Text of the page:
3 Ways the White House’s Policy Updates Will Help Reclaim Religious Freedom

January 24, 2020
Religious Freedom Day | First Liberty

Last week, on Religious Freedom Day, First Liberty celebrated a major victory for the rights of students, teachers, coaches and public employees who want to freely live out their faith in school.

Our President and Chief Counsel, Kelly Shackelford, along with First Liberty clients Hannah Allen and Coach Joe Kennedy, joined President Trump in the Oval Office to participate in the announcement of several actions by the administration to protect religious freedom for all Americans.

In this exclusive video, watch as Hannah and Coach Kennedy share their stories at the White House. Hannah recounts how First Liberty successfully defended her constitutional right to pray with friends during lunch hour after she was ordered to stop and “go behind a curtain” by school officials. It’s worth mentioning that Hannah can be seen wearing an inspirational replica dog tag provided by our clients, Shields of Strength.

Coach Kennedy also tells about his ongoing legal battle after he was fired by school district bureaucrats for praying on the field after football games.

Consistent with numerous pro-religious freedom policies implemented throughout the last three years, the White House’s announcement added another unprecedented achievement that will help strengthen religious liberty protections.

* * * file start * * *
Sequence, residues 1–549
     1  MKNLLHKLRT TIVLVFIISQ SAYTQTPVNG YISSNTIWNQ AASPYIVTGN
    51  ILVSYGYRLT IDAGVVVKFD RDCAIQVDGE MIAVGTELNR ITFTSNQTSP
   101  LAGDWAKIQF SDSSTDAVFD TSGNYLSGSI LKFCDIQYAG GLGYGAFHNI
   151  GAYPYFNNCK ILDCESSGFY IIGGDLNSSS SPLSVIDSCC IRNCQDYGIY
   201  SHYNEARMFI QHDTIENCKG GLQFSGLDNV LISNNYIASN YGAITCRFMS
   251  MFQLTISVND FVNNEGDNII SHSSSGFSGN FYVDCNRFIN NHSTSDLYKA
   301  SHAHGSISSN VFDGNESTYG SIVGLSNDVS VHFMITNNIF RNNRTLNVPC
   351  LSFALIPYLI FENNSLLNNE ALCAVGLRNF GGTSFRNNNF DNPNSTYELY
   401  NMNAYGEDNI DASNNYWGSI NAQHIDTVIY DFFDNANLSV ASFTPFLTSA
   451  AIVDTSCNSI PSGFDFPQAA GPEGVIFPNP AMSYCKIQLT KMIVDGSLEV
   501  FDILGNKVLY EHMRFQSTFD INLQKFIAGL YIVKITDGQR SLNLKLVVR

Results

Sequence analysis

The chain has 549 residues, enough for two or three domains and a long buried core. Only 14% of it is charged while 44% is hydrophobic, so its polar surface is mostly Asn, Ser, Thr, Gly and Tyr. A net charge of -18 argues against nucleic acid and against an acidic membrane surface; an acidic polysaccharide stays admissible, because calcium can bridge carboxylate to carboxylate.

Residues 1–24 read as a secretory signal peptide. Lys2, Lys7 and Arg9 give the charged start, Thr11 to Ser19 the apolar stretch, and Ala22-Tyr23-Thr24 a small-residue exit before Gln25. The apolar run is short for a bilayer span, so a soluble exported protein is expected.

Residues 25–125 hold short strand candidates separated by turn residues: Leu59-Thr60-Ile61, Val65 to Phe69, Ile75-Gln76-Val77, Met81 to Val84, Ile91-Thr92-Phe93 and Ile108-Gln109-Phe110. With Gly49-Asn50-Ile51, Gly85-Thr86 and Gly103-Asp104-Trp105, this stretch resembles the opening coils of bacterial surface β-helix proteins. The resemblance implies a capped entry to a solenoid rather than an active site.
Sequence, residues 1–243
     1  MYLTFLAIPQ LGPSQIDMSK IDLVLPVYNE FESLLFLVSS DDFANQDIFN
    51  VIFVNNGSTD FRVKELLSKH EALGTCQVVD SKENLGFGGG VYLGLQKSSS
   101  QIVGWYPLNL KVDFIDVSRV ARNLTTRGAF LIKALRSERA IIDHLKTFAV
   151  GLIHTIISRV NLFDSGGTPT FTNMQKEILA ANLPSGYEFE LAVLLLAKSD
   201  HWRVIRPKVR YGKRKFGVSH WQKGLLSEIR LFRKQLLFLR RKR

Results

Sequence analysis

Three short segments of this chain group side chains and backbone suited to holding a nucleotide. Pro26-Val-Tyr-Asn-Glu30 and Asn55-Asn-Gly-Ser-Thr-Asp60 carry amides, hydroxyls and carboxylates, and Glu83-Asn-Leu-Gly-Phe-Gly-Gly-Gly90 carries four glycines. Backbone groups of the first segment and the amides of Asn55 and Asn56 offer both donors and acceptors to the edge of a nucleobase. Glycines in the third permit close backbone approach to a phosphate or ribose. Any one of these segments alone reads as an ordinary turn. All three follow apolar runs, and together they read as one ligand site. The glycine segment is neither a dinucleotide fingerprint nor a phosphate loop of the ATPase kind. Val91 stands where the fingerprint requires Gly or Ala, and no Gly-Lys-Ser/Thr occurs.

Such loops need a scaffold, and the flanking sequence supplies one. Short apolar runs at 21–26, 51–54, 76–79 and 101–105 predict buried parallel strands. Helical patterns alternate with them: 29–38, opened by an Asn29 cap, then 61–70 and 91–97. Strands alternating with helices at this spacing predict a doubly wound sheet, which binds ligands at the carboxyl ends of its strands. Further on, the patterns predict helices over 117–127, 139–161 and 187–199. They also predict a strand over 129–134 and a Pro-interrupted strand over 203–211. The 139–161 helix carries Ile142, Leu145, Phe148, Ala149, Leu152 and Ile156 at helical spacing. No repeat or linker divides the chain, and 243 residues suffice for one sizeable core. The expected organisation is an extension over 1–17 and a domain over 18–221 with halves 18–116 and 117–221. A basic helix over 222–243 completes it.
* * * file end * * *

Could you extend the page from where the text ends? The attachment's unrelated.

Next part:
Here is a brief breakdown of the three important actions the administration recently took to protect your religious freedom.

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  1. Requiring Public Schools to Respect Students’ Rights to Express Their Faith

    Department of Education (DOE) Secretary Betsy DeVos issued updated guidelines on prayer and religious expression in public schools.

    The DOE will be notifying states that students should be allowed to freely live out their faith and to exercise their First Amendment right of free speech, and school officials should not censor, interfere or stop student-initiated prayer.

    Additionally, the newly revised guidelines include important Supreme Court precedent regarding constitutional exercise of prayer and also clarify the process for people of faith to report violations of their right to pray. It’s particularly noteworthy that the policy updates aren’t just limited to protecting prayer, but also extend to religious expression more broadly, including use of religious literature, teaching about religion, student dress codes, and excusals from schools due to religious reasons.

  2. Ensuring Religious Organizations Are Treated the Same as Secular Ones

    The White House announced that nine federal agencies (including the Departments of Education (DOE), Health and Human Services (DHHS), Justice (DOJ), Homeland Security (DHS) and Agriculture (USDA)) are proposing rules to ensure compliance with the Faith and Opportunity Initiative established by a 2018 Executive Order.